Volume 4 Supplement 2
Kaposi's sarcoma human herpesvirus K1 interferes with FAS-mediated apoptosis and stimulates clonal growth and lymphoid hyperplasia
© Samaniego et al; licensee BioMed Central Ltd. 2009
Published: 17 June 2009
Infection with human herpesvirus 8 (HHV-8), also known as Kaposi sarcoma associated herpesvirus, is associated with the development of primary effusion lymphoma and Kaposi sarcoma. A transmembrane protein of HHV-8, K1, is readily expressed in these tumors, and the expression of K1 alone causes hyperplasia of lymph nodes and lymphomas in mice. The exact mechanism of how K1 causes hyperplasia and lymphomas in K1-expressing mice is not known. The cytoplasmic immunoreceptor tyrosine-based activation motif (ITAM) of K1 was previously shown to be involved in activation of nuclear factor-kappa B (NF-κB). Moreover, we have recently shown that K1 suppresses Fas-mediated apoptosis through its extracellular immunoglobulin-like domain and that K1-transfected mice survive a lethal dose of agonistic anti-Fas antibody (Jo2). We thus hypothesized that development of hyperplasia and lymphomas in K1-expressing mice is driven by alterations in Fas signaling.
Gross examination of thoracic and abdominal cavities of transgenic mice with K1 expression driven by a ubiquitous promoter, which were sacrificed at 18 months of age, revealed enlarged cervical, mediastinal, renal, and mesenteric lymph nodes and spleens. Peyer patches were also enlarged and readily visible on the outer surface of the ileum. Out of 10 K1 mice, 90 percent developed lymphoid hyperplasia (> 3 mm) and 60 percent developed lymphomas, while all (26) control mice remained hyperplasia- and lymphoma-free. In the extreme cases, K1 mice developed liver or mesenteric tumors (four and four out of 10 mice, respectively). Spleens of 78 percent of K1 mice were enlarged at 18 months and were on average 3.5 times heavier than spleens of non-expressing control mice (332 ± 200 mg versus 94 ± 26 mg, P < 0.03). Hematoxylin and eosin staining of spleen sections showed expansion to the periarteriolar lymphocyte sheath with disruption of normal follicular architecture. Staining of spleen sections with anti-kappa and anti-lambda light chain antibodies revealed the presence of monoclonal foci in three out of three K1 mice (average six foci per single section of spleen), but none in the four control mice. Moreover, K1 protein was expressed in about 10 percent of splenic cells as judged from staining with anti-K1 antibody 2H5. To test the hypothesis that expression of K1 protein in spleens renders them resistant to Fas-mediated apoptosis, splenic cells of 6-month-old K1 mice (n = 3) and matched controls (n = 3) were isolated and incubated with 50 ng/mL of agonistic anti-Fas antibody Jo2. At 12 hours of treatment, only 4 ± 1 percent of splenocytes from K1 mice versus 17 ± 2 percent of control splenocytes were undergoing apoptosis (P < 0.01). At 24 hours of treatment, the difference was even more significant (11 ± 0.6% versus 50 ± 6%, P < 0.005). Splenocytes of K1 mice were indeed more resistant to Jo2-induced apoptosis than splenocytes from age-matched control mice. Of mice inoculated with a lethal dose of Jo2 antibody, three out of 12 K1 transgenic (30%) and 13 out of 22 control mice (60%) died (P < 0.05), further confirming the protective effect of K1 against Fas-mediated apoptosis.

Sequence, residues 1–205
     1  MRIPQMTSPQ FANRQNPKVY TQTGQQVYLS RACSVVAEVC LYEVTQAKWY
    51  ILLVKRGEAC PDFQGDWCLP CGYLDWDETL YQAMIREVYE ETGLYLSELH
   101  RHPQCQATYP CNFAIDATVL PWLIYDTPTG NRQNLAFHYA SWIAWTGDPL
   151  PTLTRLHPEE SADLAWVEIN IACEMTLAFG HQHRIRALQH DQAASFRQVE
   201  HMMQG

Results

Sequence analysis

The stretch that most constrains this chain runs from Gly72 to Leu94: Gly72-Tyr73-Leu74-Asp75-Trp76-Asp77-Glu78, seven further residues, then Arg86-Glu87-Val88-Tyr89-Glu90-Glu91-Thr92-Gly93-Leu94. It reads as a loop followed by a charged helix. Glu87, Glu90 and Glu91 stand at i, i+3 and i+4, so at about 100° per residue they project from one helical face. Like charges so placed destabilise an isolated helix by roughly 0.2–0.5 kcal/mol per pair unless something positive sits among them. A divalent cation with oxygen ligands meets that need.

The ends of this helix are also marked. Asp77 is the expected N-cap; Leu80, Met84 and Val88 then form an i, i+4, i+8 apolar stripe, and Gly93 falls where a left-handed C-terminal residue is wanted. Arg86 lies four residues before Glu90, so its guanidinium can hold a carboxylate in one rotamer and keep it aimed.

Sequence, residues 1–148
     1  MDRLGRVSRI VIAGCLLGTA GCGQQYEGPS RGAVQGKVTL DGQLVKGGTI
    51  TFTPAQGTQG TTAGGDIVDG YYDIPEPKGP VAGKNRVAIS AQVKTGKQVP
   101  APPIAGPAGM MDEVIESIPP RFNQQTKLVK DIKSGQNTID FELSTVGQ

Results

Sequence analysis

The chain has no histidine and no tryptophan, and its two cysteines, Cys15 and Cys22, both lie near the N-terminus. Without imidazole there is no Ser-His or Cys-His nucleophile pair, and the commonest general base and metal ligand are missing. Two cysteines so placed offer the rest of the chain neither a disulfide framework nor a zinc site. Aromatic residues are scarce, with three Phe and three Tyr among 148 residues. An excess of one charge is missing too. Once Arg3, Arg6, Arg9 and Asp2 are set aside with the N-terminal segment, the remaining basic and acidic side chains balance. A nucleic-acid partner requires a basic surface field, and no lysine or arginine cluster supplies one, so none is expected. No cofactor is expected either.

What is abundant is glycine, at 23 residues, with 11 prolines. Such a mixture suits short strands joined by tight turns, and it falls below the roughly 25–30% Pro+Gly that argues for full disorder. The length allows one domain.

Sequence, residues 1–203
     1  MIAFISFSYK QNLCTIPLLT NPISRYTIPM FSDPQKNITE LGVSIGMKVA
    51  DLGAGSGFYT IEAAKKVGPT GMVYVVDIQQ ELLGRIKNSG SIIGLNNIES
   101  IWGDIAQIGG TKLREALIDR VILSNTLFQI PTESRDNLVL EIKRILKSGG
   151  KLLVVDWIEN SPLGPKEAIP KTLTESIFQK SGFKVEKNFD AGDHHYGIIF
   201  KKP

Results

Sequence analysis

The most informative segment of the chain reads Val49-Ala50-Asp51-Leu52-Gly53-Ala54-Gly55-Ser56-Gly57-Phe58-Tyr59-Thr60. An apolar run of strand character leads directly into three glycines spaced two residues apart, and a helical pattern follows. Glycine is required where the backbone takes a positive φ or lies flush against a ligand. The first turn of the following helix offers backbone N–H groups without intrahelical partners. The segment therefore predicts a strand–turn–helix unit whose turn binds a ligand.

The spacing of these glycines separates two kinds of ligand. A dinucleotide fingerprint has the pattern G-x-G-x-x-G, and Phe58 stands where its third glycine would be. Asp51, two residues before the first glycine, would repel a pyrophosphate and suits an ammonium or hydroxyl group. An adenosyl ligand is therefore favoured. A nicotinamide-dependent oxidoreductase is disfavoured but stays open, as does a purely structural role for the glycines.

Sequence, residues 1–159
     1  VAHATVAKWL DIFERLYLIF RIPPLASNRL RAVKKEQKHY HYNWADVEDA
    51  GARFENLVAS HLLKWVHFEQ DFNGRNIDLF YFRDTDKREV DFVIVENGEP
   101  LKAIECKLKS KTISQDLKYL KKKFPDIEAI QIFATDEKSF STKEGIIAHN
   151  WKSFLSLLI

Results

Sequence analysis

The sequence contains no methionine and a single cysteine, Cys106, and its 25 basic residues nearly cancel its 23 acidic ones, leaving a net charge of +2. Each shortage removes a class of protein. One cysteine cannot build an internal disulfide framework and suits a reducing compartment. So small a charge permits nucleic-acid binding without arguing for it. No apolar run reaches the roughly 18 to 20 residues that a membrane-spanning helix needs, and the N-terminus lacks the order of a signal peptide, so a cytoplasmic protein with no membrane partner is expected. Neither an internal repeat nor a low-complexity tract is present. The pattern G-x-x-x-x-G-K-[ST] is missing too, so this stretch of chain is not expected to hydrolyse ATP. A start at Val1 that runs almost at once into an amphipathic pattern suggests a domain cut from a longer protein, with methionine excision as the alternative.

Overall, these results confirm that K1 is associated with lymphoid hyperplasia and lymphoma and provide a plausible explanation. Interference of K1 with Fas-mediated apoptosis disrupts the normal life cycle of lymphocytes.
This article is published under license to BioMed Central Ltd.